Superyacht Interior Design Trends: 2021 and Beyond
Design trends in the superyacht world are dictated less by the latest colours or gadgets and more by lifestyle choices, with interior designers constantly on the lookout for ways to take the user experience to the next level.
While most of the world may have slowed down during the pandemic, the superyacht interior design industry seems to be booming, with British studio Winch Design seeing a rise in yacht refurbishments over the last year. “Just as everyone saw 2020 as the year to knuckle down and target those home projects that had been pushed to the side, it was the same for superyachts,” says Jim Dixon, director of yachts and aviation.
“Many owners took the time to take care of the maintenance, ensuring their yachts are in the best condition possible for when restrictions are lifted. There has also been an increase in the time spent on yachts, with many owners seeing them as the perfect places to quarantine or set up a bubble. This, in turn, has also provided an increase in refurbishments with the clients’ needs shifting to accommodate these longer stays.”
Mark Berryman, founder of Mark Berryman Design agrees, explaining that: “As new builds can take between three and a half to five years from start to finish, clients are hoping that Covid-19 will be gone by this point and are therefore planning for the future.”
Key Superyacht Interior Trends for 2021
From advancements in green design trends to the new and exciting ways that glass is being used on board, we explore the key yacht interior trends to look out for in 2021 and beyond.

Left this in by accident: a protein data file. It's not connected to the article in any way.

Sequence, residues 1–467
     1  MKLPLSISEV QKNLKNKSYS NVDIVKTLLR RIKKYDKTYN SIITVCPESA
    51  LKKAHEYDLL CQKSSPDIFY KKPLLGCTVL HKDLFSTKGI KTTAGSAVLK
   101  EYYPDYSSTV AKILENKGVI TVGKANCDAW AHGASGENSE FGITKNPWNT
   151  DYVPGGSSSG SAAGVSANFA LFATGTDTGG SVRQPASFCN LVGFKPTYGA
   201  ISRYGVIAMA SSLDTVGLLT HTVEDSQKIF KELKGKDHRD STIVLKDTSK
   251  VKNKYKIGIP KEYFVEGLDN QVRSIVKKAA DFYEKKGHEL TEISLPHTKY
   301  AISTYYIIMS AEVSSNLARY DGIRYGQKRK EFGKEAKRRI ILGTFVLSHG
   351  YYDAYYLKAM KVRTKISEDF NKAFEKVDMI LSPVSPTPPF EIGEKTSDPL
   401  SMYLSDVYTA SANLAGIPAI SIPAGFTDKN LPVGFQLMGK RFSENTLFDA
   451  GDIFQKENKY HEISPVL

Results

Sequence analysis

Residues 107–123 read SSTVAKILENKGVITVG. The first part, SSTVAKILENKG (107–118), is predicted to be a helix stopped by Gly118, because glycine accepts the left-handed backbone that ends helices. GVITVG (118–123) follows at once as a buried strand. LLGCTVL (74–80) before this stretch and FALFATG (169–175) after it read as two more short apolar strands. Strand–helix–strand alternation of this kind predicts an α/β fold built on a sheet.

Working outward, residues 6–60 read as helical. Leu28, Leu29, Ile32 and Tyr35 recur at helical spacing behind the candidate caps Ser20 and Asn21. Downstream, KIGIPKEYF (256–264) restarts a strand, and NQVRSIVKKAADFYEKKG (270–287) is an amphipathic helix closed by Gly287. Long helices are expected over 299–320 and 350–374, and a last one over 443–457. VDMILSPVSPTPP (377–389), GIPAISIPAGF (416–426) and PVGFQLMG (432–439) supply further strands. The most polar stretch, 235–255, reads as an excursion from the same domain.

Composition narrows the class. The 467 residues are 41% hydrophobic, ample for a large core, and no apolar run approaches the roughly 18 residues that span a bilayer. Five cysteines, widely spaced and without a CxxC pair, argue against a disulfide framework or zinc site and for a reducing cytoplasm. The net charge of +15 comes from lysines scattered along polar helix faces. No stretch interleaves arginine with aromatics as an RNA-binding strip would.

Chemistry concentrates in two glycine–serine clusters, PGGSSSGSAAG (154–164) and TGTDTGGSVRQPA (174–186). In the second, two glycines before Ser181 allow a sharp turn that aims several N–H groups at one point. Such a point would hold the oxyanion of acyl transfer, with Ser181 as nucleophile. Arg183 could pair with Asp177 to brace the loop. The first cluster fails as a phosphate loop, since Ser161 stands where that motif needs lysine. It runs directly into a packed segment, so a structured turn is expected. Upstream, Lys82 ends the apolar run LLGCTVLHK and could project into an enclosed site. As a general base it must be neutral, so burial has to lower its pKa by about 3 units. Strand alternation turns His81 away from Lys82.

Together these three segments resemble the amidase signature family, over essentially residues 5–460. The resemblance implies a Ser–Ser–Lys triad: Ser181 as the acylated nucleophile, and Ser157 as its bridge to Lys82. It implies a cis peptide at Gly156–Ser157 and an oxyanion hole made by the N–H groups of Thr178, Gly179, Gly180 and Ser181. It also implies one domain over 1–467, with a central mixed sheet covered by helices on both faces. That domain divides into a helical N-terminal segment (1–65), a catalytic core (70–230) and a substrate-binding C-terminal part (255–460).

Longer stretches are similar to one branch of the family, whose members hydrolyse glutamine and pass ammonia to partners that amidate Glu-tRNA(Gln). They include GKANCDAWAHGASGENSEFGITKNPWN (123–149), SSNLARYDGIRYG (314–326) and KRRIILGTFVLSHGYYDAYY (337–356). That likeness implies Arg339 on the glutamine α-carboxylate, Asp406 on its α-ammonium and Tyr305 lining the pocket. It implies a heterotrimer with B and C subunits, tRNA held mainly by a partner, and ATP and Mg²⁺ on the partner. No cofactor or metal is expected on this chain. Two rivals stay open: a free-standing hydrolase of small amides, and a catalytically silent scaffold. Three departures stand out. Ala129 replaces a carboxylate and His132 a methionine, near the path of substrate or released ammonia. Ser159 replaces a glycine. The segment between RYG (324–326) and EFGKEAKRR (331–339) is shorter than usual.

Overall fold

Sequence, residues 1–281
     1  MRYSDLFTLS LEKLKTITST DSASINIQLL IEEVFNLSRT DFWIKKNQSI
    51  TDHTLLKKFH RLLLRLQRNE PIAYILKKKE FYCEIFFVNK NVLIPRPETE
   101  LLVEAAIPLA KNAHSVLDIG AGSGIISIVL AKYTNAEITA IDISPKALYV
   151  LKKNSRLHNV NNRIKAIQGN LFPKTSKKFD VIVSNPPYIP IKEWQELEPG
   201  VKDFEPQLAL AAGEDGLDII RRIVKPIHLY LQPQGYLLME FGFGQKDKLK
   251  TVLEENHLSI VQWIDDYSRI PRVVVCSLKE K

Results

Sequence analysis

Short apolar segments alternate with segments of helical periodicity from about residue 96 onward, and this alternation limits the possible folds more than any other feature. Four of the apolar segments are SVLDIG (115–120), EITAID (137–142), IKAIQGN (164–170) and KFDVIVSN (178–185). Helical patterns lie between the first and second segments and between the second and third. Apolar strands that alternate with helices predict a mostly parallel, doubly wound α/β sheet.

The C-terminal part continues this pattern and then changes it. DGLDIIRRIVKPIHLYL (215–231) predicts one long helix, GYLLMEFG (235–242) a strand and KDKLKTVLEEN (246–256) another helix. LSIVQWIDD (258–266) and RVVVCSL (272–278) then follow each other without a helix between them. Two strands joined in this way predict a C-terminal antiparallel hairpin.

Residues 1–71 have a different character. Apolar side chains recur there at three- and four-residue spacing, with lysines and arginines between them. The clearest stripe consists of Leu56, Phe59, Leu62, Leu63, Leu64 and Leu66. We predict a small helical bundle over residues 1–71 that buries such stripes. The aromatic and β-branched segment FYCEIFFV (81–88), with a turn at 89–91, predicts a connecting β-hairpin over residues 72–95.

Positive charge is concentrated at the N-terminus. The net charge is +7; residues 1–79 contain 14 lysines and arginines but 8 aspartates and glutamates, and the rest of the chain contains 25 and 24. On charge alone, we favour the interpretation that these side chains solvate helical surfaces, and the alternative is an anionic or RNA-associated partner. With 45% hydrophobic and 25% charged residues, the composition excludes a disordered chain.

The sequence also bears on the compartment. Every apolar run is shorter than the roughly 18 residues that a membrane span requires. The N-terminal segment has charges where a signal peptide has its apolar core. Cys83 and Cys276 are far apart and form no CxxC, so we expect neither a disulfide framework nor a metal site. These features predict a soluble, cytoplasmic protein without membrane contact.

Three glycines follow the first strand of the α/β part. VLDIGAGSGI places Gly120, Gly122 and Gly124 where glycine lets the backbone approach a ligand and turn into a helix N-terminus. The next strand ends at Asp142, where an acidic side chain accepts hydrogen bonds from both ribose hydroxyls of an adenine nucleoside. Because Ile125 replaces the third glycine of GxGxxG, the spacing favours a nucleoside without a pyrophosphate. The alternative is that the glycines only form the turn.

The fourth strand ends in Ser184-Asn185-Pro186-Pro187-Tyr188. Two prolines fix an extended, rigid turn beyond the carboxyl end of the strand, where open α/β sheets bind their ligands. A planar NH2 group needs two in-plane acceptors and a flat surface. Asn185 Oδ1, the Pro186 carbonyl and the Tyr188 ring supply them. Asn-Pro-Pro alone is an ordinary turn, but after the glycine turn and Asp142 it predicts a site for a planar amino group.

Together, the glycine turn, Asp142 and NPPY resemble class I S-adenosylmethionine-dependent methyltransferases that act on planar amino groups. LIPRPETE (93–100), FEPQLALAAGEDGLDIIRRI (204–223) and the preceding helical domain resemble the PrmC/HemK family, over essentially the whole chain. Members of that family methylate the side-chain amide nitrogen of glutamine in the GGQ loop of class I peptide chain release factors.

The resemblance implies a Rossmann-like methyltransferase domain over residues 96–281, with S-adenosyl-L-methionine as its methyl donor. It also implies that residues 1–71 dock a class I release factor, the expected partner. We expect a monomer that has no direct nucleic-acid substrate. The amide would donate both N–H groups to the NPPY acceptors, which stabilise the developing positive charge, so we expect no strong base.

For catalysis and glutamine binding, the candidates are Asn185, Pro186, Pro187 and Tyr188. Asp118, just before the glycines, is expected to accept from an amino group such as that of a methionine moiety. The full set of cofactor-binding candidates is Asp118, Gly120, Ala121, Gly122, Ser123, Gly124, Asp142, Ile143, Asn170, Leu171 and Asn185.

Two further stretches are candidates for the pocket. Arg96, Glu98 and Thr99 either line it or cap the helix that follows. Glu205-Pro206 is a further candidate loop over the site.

Sustainability and Carbon Reduction
As superyacht owners get younger and more in tune with the climate change around us, shipbuilders have been making waves in the industry with developments that lessen the damage on our marine environment, with regard to propulsion, reducing carbon footprints and creating more energy-efficient vessels. As to be expected, a growing eco-conscience in the superyacht industry is leading the way for sustainable interior design too, as studios cite sustainable alternatives to damaging onboard materials.
At the forefront of the movement is Winch Design, where interior teams have been working hard to incorporate an extensive selection of sustainable materials into its sample library, allowing them to offer environmentally friendly solutions for every design. “Organisations such as the Water Revolution Foundation are developing tools that enable the industry to assess its environmental impact – not just in terms of CO2 emissions from a yacht, but a full life-cycle assessment based on the most important indicators of environmental impact,” says Dixon.
“The tools don’t only assess the entire yacht, the build process or the operation, but can also assess a subsystem or focus only on the hull construction or machinery on board. It’s important to take the life-cycle assessment approach to know what real sustainable choices are – not just for the operation or the build,” he adds. As such, they have had plenty of success substituting traditional finishes such as shagreen and horn with faux versions including olive-tanned and plant-based leathers, as well as fabrics such as organic cotton and bamboo which are much kinder to our planet.
Berryman is also passionate about incorporating sustainable materials into his designs, something that fits perfectly with his signature style. “Thanks to our relaxed contemporary in house style with accents of Asian influence, the issue of sustainability often isn’t a problem for us,” he explains. “We use natural materials that are plentiful and easily replaceable, such as bamboos, rattans and wood veneers of non-rare species. We no longer find our clients asking for rare or non-sustainable finishes.”